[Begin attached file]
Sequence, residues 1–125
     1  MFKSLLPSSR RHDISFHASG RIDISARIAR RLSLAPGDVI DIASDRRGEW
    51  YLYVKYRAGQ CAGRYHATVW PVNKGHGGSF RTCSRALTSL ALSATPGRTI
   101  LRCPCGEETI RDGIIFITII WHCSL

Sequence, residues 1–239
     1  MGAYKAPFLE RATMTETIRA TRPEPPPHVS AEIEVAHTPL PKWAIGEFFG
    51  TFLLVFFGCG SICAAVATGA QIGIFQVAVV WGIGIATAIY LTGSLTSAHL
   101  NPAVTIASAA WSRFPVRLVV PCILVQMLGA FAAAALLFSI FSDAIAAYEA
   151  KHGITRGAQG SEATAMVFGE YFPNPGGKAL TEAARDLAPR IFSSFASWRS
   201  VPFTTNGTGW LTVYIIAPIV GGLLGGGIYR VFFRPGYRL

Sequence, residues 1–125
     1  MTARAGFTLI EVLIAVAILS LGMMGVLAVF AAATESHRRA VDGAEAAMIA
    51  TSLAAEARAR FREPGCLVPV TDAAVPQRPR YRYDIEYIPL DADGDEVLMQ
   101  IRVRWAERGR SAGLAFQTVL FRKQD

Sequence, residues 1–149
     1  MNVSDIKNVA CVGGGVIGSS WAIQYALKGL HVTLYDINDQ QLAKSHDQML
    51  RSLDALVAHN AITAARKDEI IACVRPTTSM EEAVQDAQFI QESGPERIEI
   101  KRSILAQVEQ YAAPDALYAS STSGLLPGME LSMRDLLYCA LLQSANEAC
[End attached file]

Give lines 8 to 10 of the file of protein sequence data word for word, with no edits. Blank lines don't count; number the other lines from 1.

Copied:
   101  NPAVTIASAA WSRFPVRLVV PCILVQMLGA FAAAALLFSI FSDAIAAYEA
   151  KHGITRGAQG SEATAMVFGE YFPNPGGKAL TEAARDLAPR IFSSFASWRS
   201  VPFTTNGTGW LTVYIIAPIV GGLLGGGIYR VFFRPGYRL